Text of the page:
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Re: Tall Chimneys

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The chimney (assuming stud framing, lightweight chimney, not masonry), I would think it designed as an element of the shear line - up to the roof level that is. Is it the part of the chimney above the roof line you are concerned with?

Steven A.
Los Angeles
 
 

"J. Taylor" wrote:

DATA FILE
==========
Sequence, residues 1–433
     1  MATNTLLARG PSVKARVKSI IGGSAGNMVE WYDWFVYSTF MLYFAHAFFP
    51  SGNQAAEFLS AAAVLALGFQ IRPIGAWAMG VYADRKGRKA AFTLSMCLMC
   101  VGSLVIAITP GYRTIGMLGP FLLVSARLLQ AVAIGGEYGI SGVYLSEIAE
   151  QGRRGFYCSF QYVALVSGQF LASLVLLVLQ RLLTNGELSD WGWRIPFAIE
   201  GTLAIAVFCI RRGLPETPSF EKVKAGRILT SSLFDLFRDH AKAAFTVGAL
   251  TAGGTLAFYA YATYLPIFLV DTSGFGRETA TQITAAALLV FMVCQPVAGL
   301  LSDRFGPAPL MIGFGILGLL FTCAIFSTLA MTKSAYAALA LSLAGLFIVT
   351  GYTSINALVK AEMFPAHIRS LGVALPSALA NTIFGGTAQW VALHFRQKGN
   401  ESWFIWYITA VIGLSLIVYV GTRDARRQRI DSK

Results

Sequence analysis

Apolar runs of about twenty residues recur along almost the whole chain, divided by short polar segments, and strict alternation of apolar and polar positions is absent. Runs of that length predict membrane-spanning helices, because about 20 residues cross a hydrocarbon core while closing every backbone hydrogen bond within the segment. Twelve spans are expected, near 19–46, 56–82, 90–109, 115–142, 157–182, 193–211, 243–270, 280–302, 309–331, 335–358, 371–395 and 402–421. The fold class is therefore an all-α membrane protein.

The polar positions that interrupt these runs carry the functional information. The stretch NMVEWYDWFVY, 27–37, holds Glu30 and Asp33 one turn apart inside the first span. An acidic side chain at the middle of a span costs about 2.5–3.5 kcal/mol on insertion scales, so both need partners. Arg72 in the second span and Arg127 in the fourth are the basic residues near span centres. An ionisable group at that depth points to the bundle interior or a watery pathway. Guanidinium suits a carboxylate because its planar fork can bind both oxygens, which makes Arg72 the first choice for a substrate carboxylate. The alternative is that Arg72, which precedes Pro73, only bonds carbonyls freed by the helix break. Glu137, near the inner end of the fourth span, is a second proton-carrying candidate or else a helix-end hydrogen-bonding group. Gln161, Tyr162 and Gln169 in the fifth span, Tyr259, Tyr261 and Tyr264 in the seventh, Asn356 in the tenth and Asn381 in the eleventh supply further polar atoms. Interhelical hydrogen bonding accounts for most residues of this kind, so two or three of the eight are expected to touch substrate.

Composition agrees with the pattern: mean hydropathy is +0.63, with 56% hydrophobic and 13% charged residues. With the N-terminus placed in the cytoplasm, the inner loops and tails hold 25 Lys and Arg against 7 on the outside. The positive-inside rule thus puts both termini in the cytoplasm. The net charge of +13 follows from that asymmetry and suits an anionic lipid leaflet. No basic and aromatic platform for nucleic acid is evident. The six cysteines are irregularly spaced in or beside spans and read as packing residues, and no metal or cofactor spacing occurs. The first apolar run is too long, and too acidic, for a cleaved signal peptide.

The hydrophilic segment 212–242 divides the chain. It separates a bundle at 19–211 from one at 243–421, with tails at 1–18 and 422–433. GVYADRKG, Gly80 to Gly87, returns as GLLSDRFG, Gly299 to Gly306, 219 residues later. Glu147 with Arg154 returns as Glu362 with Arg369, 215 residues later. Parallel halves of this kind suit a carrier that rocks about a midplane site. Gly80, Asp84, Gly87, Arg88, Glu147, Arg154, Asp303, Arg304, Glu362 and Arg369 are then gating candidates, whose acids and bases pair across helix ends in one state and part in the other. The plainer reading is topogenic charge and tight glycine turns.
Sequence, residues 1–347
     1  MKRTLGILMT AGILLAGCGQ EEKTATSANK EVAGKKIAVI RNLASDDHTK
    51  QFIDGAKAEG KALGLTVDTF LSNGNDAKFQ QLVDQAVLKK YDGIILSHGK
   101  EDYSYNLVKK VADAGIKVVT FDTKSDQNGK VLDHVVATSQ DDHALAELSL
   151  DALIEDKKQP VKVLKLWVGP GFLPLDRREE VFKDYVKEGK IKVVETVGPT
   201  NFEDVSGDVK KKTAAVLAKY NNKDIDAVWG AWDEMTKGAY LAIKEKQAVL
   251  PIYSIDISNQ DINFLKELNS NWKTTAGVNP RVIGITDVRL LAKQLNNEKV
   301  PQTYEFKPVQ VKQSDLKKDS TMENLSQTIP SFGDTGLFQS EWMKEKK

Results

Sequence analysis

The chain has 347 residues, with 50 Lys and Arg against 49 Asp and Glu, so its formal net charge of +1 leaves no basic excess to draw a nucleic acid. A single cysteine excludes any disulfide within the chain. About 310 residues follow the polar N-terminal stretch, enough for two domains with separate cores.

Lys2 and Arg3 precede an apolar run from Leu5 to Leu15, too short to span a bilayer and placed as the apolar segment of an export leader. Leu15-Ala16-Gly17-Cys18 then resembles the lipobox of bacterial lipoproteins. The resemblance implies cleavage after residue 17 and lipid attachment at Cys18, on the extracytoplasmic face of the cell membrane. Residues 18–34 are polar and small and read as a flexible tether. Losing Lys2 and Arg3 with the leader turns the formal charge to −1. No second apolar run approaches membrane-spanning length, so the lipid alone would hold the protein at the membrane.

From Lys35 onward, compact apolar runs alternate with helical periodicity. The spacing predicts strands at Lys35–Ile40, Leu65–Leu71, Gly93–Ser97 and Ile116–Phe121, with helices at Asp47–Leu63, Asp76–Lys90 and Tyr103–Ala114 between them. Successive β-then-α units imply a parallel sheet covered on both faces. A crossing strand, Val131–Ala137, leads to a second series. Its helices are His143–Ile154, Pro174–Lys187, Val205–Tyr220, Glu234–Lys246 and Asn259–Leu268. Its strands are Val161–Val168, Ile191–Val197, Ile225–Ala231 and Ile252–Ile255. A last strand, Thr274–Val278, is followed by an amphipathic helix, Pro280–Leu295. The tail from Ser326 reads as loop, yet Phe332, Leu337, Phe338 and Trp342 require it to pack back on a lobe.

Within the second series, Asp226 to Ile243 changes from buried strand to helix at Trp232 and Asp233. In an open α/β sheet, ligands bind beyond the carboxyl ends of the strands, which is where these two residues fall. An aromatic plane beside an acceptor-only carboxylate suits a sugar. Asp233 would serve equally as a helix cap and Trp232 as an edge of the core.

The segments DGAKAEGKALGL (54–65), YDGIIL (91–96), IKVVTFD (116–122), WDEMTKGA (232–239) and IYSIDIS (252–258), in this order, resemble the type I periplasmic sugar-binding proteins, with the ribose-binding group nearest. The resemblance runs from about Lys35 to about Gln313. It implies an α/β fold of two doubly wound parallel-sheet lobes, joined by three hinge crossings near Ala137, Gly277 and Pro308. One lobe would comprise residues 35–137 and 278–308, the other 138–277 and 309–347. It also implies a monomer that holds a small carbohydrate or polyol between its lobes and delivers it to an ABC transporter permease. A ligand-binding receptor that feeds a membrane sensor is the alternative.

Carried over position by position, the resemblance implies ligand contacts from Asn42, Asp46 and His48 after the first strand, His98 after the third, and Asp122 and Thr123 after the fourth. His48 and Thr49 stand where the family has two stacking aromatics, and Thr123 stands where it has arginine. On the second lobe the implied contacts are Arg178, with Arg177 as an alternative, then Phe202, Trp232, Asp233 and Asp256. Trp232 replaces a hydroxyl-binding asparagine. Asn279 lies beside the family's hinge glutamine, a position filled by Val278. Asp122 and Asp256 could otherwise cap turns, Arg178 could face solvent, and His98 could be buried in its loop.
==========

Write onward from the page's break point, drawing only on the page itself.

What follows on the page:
From: Jerry Taylor <jrtce(--nospam--at)mbay.net>To: Seaint(--nospam--at)seaint.orgSubject: Tall chimneys I have a question concerning residential chimneys. It seems that architects now-a-days are making chimneys taller and taller to impress their clients and then putting rather elaborate chimney caps on top of them with tile roofing etc. My question is with regard to chimney lateral loads and the 2:1 diaphragm ratio for plywood shearwalls. Is it possible to design the chimneys as a cantilevered plywood box beam using a holddown at each corner  to the top of the masonry firebox and plywood sheathing each side and be able to avoid the 2:1 ratio limitation? I recently designed a tall chimney with Simpson strongwalls on the two narrow sides to get around the 2:1 ratio, but it seemed to be overkill since the seismic load was relatively low. Any advice or comments would be appreciated. Jerry TaylorPacific Grove